Emeritus Professor of Philosopy, University of Cambridge

Onora O'Neill writes on ethics and political philosophy, with particular interests in questions of international justice, in the philosophy of Immanuel Kant and in bioethics. Her books include Faces of Hunger: An Essay on Poverty, Development and Justice (1986), Constructions of Reason: Exploration of Kant's Practical Philosophy (1989), Towards Justice and Virtue (1996), Bounds of Justice (2000), Autonomy and Trust in Bioethics (2002), A Question of Trust (the 2002 Reith Lectures) and Rethinking Informed Consent in Bioethics (jointly with Neil Manson, 2007). She currently works on practical judgement and normativity, on questions of trust and accountability in public life and on the ethics of communication (including media ethics) while continuing to work on Kant’s philosophy.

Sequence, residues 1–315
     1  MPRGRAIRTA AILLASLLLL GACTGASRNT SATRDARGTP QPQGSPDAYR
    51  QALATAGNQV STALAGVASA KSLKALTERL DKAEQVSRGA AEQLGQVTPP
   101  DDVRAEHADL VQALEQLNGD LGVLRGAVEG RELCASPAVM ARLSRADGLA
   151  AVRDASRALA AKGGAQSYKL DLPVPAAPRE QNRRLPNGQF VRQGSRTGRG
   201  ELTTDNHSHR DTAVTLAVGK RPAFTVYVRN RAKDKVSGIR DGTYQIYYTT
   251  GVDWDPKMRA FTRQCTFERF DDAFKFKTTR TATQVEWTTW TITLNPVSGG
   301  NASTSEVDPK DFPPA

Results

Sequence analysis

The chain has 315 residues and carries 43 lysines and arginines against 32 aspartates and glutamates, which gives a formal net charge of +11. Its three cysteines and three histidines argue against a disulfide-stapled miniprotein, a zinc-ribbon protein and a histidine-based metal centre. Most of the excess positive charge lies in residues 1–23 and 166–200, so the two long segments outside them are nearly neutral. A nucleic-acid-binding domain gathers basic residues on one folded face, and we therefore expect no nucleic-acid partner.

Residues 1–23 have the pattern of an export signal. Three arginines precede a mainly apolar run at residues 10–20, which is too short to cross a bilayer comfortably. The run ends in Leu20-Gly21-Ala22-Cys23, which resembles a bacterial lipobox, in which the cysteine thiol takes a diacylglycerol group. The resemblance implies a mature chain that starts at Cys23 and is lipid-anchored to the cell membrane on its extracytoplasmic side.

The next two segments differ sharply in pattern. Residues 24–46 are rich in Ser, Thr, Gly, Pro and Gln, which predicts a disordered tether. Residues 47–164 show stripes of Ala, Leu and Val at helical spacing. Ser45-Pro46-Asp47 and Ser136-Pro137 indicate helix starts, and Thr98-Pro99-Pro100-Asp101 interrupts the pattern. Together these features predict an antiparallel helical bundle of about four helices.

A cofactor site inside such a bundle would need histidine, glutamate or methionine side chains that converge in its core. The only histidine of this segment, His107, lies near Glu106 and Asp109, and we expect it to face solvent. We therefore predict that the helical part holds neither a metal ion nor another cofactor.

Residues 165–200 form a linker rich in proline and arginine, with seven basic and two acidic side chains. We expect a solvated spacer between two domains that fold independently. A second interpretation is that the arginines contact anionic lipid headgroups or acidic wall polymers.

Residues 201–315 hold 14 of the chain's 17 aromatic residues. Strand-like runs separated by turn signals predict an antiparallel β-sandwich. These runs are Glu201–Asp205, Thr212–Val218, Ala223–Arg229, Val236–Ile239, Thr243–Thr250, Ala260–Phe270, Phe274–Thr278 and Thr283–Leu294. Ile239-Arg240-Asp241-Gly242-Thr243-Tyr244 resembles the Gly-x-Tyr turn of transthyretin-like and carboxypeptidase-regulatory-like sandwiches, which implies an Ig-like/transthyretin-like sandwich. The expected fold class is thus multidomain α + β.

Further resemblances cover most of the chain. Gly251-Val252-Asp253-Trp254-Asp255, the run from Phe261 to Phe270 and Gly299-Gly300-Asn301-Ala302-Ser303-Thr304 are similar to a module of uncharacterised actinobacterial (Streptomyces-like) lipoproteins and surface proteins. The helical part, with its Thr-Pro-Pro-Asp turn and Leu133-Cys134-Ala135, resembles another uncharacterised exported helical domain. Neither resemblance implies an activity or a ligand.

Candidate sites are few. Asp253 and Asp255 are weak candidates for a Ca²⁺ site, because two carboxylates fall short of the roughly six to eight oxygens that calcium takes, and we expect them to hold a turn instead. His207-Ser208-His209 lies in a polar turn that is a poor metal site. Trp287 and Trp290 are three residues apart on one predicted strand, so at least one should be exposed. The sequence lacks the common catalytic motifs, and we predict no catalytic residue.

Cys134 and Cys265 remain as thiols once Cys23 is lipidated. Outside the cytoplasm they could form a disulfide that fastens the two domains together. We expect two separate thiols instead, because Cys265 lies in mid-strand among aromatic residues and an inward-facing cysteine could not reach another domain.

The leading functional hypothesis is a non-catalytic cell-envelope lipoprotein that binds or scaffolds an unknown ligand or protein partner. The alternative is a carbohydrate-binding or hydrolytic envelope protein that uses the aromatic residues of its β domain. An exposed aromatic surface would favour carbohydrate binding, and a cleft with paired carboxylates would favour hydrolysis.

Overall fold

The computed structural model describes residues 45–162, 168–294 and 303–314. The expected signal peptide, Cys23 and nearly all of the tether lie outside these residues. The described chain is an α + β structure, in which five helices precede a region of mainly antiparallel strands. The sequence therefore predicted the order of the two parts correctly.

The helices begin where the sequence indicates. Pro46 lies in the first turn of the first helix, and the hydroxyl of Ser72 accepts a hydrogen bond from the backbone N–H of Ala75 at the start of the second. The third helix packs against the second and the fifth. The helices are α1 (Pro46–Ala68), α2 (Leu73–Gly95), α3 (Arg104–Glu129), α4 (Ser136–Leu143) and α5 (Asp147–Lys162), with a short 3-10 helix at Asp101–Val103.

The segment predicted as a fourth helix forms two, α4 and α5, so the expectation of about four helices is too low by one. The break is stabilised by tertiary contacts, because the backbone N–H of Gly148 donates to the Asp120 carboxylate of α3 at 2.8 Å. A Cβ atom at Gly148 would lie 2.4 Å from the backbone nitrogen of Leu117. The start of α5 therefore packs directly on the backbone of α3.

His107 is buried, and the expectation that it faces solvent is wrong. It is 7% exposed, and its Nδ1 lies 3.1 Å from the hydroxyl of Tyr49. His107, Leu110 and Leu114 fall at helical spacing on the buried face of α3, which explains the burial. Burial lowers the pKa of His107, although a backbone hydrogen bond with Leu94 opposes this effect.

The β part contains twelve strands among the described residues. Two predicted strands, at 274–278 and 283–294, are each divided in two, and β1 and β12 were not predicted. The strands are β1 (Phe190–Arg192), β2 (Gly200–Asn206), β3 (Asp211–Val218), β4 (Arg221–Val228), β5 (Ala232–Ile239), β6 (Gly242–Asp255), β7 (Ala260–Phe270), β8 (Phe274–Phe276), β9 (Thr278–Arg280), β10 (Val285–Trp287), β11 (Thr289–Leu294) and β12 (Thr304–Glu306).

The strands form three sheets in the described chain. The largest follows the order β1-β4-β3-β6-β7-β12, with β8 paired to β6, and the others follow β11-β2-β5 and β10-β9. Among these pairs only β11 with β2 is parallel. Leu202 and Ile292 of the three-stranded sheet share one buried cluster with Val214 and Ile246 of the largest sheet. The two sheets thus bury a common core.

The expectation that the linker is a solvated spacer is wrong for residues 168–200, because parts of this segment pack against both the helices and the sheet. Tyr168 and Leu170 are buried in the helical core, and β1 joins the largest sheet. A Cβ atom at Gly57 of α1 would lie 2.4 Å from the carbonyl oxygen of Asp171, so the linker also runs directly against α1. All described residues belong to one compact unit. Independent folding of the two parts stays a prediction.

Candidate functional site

She was Principal of Newnham from 1992 to 2006, and teaches in the Faculty of Philosophy in Cambridge. She is currently President of the British Academy, chairs the Nuffield Foundation and is Professor of Philosophy in Cambridge. She been a member of and chaired the Nuffield Council on Bioethics and the Human Genetics Advisory Commission. She has worked on a number of reports on bio-medical issues, including recently the Kings Fund Inquiry into the Safety of Maternity Services. She was created a Life Peer in 1999, sits as a crossbencher, served on the House of Lords Select Committees on Stem Cell Research, BBC Charter Review and currently Genomic Medicine.

She currently sits on the Medical Research Council and chairs the Equality and Human RIghts Commission.

Experience

  • –present
    Professor of philosophy, University of Cambridge

Honours

CBE; Peer